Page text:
Wenatchee, WA 8.22.11 - In a very special evening on August 18, at the U.S. Apple Association Meeting in Chicago, the late Glady Bellamy, a founder of president of CMI, was awarded The Packer’s annual award for his contributions to the apple industry.
The award was changed this year only from Apple Man/Woman of the Year to Apple Man for All Seasons as a tribute to Glady. The many industry nominations were an acknowledgement to Glady’s lifetime of work and valued relationships.
“Glady had passion, and uncompromised dedication to the fruit industry. This award has never been given posthumously which shows the impact Glady had on the fruit industry,” said Bob Mast VP of Marketing for CMI.
“Glady garnered the respect of all and returned the same respect to everyone he ever met. Whether it was a small child or the CEO of a multi-million dollar company, he greeted everyone with that Bellamy Smile and with great sincerity that was second to none. He graced everyone he met with a cheerful and invigorating presence,” Mast said. “Nothing was below Glady. No matter how busy he was, no matter how many things he had on his plate, he would drop everything to help someone in need. When faced with challenges that would overcome others, he was not befuddled, confused, or overwhelmed. He knew almost instinctively what to do – he was an exceptional individual and is missed deeply by all that knew him.”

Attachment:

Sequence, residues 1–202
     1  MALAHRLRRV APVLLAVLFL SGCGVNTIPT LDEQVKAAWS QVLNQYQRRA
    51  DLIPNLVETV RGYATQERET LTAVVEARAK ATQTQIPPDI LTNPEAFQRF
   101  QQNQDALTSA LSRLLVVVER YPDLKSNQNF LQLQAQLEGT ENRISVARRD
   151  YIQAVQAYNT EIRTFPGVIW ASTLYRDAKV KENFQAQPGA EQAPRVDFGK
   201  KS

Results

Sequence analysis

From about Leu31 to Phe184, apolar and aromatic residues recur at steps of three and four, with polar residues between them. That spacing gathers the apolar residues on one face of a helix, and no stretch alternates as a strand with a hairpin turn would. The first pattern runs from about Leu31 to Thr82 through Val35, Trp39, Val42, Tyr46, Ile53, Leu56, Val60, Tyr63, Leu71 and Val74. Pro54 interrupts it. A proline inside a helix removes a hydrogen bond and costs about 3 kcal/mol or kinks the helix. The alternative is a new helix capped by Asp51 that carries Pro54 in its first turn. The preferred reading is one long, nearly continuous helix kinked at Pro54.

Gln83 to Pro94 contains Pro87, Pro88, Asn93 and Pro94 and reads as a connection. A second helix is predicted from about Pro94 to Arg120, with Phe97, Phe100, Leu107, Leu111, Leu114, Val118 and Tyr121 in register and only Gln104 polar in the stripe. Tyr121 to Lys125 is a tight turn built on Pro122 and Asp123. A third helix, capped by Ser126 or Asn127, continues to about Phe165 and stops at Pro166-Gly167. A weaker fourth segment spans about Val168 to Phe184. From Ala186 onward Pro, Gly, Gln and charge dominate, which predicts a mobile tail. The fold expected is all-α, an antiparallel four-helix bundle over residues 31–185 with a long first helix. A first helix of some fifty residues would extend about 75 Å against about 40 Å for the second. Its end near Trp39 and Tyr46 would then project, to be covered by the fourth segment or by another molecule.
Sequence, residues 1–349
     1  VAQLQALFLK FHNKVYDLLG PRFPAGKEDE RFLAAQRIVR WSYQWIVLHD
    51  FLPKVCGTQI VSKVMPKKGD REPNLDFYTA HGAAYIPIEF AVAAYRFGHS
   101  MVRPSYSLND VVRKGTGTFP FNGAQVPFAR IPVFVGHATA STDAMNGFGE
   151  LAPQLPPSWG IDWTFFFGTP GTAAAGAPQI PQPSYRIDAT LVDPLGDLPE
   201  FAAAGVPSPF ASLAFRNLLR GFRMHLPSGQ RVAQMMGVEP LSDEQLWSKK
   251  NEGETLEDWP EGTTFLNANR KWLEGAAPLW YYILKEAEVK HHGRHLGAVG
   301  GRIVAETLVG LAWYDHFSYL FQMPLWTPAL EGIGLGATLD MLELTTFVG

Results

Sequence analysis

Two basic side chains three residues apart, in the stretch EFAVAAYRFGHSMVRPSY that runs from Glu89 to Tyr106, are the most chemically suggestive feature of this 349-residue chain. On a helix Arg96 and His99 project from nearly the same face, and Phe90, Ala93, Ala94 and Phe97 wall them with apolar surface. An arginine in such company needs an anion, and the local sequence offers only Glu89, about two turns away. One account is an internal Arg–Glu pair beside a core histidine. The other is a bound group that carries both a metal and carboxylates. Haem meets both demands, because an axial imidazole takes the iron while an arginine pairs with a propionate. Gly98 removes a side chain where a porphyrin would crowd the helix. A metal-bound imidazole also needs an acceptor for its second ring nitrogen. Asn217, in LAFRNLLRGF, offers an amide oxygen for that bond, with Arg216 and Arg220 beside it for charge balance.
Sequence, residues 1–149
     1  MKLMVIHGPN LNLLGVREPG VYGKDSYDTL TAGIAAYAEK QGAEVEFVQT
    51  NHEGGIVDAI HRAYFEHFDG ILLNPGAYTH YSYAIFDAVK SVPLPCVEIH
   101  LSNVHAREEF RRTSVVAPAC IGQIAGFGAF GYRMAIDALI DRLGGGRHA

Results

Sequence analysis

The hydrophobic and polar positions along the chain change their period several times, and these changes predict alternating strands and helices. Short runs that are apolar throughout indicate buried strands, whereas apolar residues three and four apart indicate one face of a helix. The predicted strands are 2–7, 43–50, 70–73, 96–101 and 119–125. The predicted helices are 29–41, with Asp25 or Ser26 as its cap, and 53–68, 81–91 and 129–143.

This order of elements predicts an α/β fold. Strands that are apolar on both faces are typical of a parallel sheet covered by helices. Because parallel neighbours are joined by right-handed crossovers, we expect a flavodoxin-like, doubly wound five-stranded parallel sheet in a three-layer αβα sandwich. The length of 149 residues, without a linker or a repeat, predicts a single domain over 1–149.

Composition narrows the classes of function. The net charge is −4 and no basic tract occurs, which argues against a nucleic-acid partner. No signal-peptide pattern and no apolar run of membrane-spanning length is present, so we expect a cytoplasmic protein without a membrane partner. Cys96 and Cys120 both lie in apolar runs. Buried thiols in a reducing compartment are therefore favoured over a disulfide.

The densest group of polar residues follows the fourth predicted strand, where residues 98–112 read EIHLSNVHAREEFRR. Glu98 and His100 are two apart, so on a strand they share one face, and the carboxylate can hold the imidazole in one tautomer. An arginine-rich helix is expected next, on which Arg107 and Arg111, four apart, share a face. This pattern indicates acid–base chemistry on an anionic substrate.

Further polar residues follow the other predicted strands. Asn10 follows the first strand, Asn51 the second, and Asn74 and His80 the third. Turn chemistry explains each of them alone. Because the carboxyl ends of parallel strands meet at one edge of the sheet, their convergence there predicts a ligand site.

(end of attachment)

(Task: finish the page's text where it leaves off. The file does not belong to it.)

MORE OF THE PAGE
Tom Karst, the Packer’s National editor, presented to award to Mike Wade, general manager of Columbia Fruit Packers, Inc. who graciously accepted the award on Glady’s behalf.
Bellamy died of a heart attack on Oct. 1, 2010. He was 58.
In 1989, Bellamy, Columbia Fruit Packers and two other partners, Nick Buak and Wenatchee-based McDougall & Sons Inc., founded Columbia Marketing International. The company has grown to become one of the nation’s leading apple, pear and cherry grower/shippers.
John Rice, vice president of Gardner, Pa.-based Rice Fruit Co., said Bellamy and his partners built a cutting-edge marketing organization with a reputation for delivering apples all over the world. “Few companies sold as many different varieties as CMI.”
“Bellamy’s business acumen was complemented by an “infectious good nature” that gained him friends throughout the industry,” Rice said.
“He had ‘best friends’ in California, Detroit, New York, Pennsylvania, Michigan, Washington and Chile,” Rice said. “There was always a smile in his voice, and when he told a story, there was a childish enthusiasm that he seemed to have difficulty restraining.”